The US-China Business Relationship: “Bi-Polar”? Or a Stabilizing Pillar of the World Economy? A Video Lecture

© 2020, Farok J. Contractor, Distinguished Professor, Rutgers Business School, and President-Elect, Academy of International Business

Introduction to a public lecture sponsored by the Academy of International Business and the University of Nottingham (China, Ningbo Campus)


Talk approximately 60 minutes followed by Q&A of 30 minutes

Just two countries, China and the US, comprise 40 percent of the world’s GDP and 23 percent of its population, making their bilateral commercial relationship by far the most important on the planet — and the strain between them especially unfortunate.

Measuring the Two Countries’ Interdependence

Much of my talk is focused on estimates of the two nations’ mutual dependence in terms of the numbers of jobs and the money flows involved in the US-China relationship. But I also discuss related issues, such as the competitiveness of manufacturing, the value of the renminbi yuan (RMB), and the dangers of overplaying the nationalism and protectionism cards.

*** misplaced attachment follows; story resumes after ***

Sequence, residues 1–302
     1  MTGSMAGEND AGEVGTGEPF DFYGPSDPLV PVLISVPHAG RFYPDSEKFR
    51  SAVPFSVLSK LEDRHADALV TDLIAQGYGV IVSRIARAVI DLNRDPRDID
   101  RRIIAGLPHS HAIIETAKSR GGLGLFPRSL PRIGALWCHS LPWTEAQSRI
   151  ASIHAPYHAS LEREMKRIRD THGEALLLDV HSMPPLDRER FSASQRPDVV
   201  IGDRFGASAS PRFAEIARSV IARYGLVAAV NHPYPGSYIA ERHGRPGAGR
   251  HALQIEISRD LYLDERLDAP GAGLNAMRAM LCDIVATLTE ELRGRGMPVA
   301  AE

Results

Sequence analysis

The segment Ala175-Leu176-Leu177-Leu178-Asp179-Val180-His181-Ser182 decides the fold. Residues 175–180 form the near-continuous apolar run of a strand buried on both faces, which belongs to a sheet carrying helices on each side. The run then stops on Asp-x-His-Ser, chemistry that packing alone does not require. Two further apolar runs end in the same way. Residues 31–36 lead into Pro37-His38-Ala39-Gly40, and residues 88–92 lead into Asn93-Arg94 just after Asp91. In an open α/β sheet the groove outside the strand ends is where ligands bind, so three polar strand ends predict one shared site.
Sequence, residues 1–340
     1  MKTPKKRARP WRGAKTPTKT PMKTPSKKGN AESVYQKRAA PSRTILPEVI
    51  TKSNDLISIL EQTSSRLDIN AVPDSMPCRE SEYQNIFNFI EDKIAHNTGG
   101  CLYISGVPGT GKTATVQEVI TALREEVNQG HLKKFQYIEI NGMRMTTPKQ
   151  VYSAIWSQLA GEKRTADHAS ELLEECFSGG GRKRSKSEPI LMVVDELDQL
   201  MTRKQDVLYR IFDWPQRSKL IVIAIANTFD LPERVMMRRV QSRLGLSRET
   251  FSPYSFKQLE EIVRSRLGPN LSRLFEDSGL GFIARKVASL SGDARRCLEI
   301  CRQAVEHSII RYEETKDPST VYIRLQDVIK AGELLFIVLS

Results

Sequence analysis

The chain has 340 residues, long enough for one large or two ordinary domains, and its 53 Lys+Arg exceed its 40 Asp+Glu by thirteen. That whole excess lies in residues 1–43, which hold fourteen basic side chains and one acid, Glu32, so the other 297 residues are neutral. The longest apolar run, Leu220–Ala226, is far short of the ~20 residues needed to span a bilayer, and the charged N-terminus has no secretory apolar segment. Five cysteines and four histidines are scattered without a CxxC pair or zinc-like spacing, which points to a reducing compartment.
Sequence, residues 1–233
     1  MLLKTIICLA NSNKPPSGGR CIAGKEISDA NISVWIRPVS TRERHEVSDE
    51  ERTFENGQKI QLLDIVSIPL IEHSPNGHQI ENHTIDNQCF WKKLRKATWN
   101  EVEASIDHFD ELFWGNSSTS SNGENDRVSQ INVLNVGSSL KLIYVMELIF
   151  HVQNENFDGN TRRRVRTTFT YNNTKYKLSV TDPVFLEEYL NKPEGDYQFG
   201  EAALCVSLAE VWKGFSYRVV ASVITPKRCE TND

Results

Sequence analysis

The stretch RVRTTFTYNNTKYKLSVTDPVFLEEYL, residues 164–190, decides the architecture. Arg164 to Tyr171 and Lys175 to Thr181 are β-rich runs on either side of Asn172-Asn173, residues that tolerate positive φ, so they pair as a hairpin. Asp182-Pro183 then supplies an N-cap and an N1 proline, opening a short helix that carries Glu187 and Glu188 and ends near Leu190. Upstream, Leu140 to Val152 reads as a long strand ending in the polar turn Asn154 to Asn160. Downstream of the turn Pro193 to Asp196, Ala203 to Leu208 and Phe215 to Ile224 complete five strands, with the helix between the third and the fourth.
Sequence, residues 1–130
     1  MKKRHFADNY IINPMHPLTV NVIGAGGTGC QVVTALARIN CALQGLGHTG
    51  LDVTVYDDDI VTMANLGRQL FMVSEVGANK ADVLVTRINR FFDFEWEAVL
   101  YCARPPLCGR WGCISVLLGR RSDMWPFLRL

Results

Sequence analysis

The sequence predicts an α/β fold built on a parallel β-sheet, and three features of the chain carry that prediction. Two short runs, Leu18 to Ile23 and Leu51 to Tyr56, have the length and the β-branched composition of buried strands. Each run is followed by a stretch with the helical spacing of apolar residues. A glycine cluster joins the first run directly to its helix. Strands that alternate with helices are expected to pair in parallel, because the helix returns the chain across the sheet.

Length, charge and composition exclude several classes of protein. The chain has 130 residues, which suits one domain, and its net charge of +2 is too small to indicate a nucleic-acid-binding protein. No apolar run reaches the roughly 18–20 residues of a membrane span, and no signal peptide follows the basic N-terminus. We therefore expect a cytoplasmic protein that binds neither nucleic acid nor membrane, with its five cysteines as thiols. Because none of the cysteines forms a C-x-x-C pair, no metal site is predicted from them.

I address the following questions and concerns:

• What’s at stake in the unnecessary US-China spat?
• How many jobs in the US and China depend on trade with each other? (I provide some estimates)
• How many jobs in the US and China depend on FDI in each other’s countries? (I provide some estimates)
• How dependent is the US consumer on Chinese products?
• Can we bring jobs back to the US? Realistically, how much reshoring can happen?
• Is US manufacturing really in decline? Think again.
• What is the role of global manufacturing?
• Is the RMB undervalued?
• Dollar surplus recycling by China into US treasury bonds and other US assets
• Cybersecurity threats
• Dumping? What’s going on?

Conclusions — I Address These Questions:

• Can the US and China compete and also cooperate?
• What are the mutual benefits? And what’s at risk with more decoupling?
• What are the dangers of overdoing paranoia and nationalism?



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